Here is some of popular proverbs people in Japan still use in daily conversations. If you know these proverbs, not only you can enjoy conversation but also you will be getting respect immediately. So, let’s learn Japanese Proverbs.
Hotoke tsukutte tamashii irezu (irenu).
An image of Buddha is made, but there is no soul in it.
This is said of failure to put the finishing touch. The phrase, “manako o irenu” (no eyes are given to it) is sometimes substituted for “tamashii irezu (no soul put in it). There is an expression, of Chinese origin, “garyo- tensei” (completing the eyes of a painted dragon). A painted dragon minus the eyes suggests a lack of one thing needful. Another proverb of Chinese origin runs: One fails to get the credit of having completed an artificial hill of nine jin (one fin — about eight feet) for lack of one basketful of earth (Kyujin no ko o ikki ni kaku).
Hyakubun wa ikken ni shikazu.
Hearing a hundred times is not so good as seeing once. “Seeing is believing.”
There are more than eighty sayings in Japanese that begin with the word, hyaku, hundred, many of which are of Chinese origin. One other example may suffice. “Hyakunen kasei o matsu gotoshi” (It is like waiting for one hundred years for the waters of the Yellow River to become clear). The Yellow River is perpetually turbid: you might as well wait for the Greek calends to come as expect the Yellow River to become clear. “It is as likely as to see a pig fly.”
Hyotan kara koma ga deru.
Out of a gourd comes a pony.
The hard-shelled fruit of a plant called bottle gourd are dried, varnished, and used as bottles for sake, rice wine. Such bottles, as well as the fruit themselves, are called hyotan in Japanese. This proverb is often quoted when a most unexpected thing happens, or when a truth comes out of what has been said in jest. “There’s many a true word said in jest.” Another “hyotan” proverb is: Hyotan namazu (It’s like trying to catch a namazu, or catfish, with a gourd). This is an expression meaning (1) “as slippery as an eel” and (2) vague, non-committal.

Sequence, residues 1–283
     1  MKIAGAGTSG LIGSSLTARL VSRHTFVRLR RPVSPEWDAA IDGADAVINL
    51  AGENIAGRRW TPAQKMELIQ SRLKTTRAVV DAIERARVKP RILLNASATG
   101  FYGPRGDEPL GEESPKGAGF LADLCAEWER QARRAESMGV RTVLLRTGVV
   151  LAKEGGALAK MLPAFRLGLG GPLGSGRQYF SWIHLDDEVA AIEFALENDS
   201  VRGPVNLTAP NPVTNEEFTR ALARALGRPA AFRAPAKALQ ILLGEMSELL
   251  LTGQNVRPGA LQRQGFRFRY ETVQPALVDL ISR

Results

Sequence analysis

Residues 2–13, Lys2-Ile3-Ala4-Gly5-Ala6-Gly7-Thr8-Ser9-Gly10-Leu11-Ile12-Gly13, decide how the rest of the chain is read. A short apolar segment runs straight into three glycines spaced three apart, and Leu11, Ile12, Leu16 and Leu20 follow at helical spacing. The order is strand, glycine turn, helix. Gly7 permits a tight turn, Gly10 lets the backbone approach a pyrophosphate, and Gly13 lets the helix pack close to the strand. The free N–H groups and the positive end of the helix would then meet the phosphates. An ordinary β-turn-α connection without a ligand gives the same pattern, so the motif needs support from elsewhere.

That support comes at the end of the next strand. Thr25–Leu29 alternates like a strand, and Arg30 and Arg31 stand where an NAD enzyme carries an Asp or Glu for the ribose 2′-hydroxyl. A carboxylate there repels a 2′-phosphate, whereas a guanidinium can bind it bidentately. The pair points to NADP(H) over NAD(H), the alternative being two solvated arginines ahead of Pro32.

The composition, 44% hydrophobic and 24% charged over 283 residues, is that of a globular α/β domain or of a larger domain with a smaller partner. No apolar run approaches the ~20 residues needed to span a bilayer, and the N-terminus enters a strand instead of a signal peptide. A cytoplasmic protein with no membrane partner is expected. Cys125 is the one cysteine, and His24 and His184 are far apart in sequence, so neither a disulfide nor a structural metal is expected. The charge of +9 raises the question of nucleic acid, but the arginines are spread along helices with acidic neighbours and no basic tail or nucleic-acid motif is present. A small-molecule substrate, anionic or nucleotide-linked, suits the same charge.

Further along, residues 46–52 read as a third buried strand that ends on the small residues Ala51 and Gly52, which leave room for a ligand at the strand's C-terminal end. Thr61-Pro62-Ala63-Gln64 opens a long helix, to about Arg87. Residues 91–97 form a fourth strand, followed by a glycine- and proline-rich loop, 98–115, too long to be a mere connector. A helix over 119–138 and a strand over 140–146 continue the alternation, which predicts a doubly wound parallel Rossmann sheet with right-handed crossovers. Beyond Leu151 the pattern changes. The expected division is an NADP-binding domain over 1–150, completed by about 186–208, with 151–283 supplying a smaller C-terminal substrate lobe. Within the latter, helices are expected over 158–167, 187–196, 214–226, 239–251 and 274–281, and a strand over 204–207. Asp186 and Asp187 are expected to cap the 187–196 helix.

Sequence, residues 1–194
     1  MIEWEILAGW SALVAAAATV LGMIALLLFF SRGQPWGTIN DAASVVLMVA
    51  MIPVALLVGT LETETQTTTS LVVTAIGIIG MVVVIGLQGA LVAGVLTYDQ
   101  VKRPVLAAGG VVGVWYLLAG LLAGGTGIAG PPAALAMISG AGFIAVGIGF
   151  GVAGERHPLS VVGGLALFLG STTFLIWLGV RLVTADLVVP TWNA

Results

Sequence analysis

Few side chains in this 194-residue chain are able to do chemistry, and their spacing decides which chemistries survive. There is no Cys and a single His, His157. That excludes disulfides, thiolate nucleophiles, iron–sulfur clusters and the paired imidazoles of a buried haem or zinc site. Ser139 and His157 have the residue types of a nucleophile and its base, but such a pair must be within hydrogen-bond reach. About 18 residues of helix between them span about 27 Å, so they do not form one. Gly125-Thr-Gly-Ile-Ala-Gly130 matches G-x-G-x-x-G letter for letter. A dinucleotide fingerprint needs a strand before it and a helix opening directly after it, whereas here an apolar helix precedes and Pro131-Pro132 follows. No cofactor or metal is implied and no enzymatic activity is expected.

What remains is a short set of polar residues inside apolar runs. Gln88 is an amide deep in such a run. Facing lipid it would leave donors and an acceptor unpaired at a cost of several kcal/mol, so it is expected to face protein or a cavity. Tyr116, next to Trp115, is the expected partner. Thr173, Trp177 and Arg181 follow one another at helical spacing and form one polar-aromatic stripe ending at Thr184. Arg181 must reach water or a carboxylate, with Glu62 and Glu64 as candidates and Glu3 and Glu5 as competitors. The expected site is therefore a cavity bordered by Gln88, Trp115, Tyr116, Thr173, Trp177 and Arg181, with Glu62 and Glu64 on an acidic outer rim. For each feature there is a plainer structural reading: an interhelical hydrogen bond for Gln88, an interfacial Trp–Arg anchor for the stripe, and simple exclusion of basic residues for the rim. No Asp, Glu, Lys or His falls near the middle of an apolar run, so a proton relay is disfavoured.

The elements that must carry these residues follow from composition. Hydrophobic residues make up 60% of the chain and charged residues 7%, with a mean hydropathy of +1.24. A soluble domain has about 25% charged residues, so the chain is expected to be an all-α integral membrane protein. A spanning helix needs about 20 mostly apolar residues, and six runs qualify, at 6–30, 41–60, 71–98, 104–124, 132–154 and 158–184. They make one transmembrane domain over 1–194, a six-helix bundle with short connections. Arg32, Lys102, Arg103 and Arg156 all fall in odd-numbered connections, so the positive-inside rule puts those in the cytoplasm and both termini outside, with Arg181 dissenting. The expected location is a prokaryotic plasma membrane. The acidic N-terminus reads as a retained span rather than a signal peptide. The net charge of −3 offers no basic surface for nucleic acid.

I no naka no kawazu taikai o shirazu.
The frog in the well knows no ocean.
“The Japanese peasant has a narrow horizon. ‘The frog in the well’ says his proverb, ‘knows nothing of the great ocean.’ ” (This passage is quoted in The Oxford Dictionary of English Proverbs from Arthur Lloyd’s Everyday Japan.)
Ichi o kiite ju o shiru.
To learn one and infer ten.
A universal truism applicable to an intelligent person capable of inferring the whole from a part.
“A word is enough to the wise.”
Another proverbial expression beginning with ichi (one) is the equivalent of the English expression, “sink or swim,” or “win or lose;” namely, Ichi ka bachi ka, an expression presumably derived from gambling. (A synonymous expression: Noru ka soru ka, is used to the same effect.) Note that the Japanese phrases are expressed in rhyme, and the English phrase, “sink or swim,” in alliteration. Still another ichi proverb is: Ichiji ga banji (One thing is everything). The meaning is that this case will serve as a yardstick for all the rest.
First a girl, then a boy.
The word, hime, means a princess, a young lady of birth, and by extension, a daughter. Taro is a very common name given to a first-born son. Here in Japan “first a girl, then a boy” is considered the ideal order of children’s births in a family.
Ichi-mon oshimi no hyaku shirazu.
He who is stingy with one mon does not know the loss of 100 mon.
A miser who is sparing in spending a dime will lose a great deal in the long run. Stint a brass piece, and you
will lose a hundred. “Penny wise and pound foolish.”
Ichi-nen no kei wa gantan ni ari.
A year’s plan is to be made on New Year’s Day.
The Japanese people make much of the new year and celebrate it more elaborately than Western people. The Japanese people consider it to be a favorable omen to make their plan for the year on New Year’s Day.
Iki-uma no me o nuku.
To pluck out the eyes of a live horse.
Said of a very shrewd person. A bumpkin intending to visit a busy city like Tokyo for the first time is advised to be on the look-out for the many sharks, for shrewd fellows sharp enough to “catch weasels asleep.”